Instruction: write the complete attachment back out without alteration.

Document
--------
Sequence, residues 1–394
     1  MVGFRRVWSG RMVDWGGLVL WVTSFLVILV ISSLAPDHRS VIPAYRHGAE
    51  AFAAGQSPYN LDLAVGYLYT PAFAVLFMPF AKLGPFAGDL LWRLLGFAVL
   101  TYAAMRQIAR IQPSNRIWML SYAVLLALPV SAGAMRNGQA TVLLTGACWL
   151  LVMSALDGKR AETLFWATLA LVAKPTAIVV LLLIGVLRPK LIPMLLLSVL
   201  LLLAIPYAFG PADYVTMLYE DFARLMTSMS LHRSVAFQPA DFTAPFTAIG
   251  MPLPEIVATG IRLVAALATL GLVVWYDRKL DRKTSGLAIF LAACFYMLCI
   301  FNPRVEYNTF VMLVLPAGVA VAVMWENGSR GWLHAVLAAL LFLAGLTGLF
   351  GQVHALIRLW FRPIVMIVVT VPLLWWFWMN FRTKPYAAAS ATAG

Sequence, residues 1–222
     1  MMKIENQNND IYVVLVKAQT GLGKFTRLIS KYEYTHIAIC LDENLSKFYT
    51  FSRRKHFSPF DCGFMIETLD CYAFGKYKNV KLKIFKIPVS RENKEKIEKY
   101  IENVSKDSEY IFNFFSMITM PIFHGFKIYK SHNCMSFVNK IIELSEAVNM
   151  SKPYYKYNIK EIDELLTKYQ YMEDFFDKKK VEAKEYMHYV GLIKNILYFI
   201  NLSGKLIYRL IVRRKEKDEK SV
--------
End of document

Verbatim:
Sequence, residues 1–394
     1  MVGFRRVWSG RMVDWGGLVL WVTSFLVILV ISSLAPDHRS VIPAYRHGAE
    51  AFAAGQSPYN LDLAVGYLYT PAFAVLFMPF AKLGPFAGDL LWRLLGFAVL
   101  TYAAMRQIAR IQPSNRIWML SYAVLLALPV SAGAMRNGQA TVLLTGACWL
   151  LVMSALDGKR AETLFWATLA LVAKPTAIVV LLLIGVLRPK LIPMLLLSVL
   201  LLLAIPYAFG PADYVTMLYE DFARLMTSMS LHRSVAFQPA DFTAPFTAIG
   251  MPLPEIVATG IRLVAALATL GLVVWYDRKL DRKTSGLAIF LAACFYMLCI
   301  FNPRVEYNTF VMLVLPAGVA VAVMWENGSR GWLHAVLAAL LFLAGLTGLF
   351  GQVHALIRLW FRPIVMIVVT VPLLWWFWMN FRTKPYAAAS ATAG

Sequence, residues 1–222
     1  MMKIENQNND IYVVLVKAQT GLGKFTRLIS KYEYTHIAIC LDENLSKFYT
    51  FSRRKHFSPF DCGFMIETLD CYAFGKYKNV KLKIFKIPVS RENKEKIEKY
   101  IENVSKDSEY IFNFFSMITM PIFHGFKIYK SHNCMSFVNK IIELSEAVNM
   151  SKPYYKYNIK EIDELLTKYQ YMEDFFDKKK VEAKEYMHYV GLIKNILYFI
   201  NLSGKLIYRL IVRRKEKDEK SV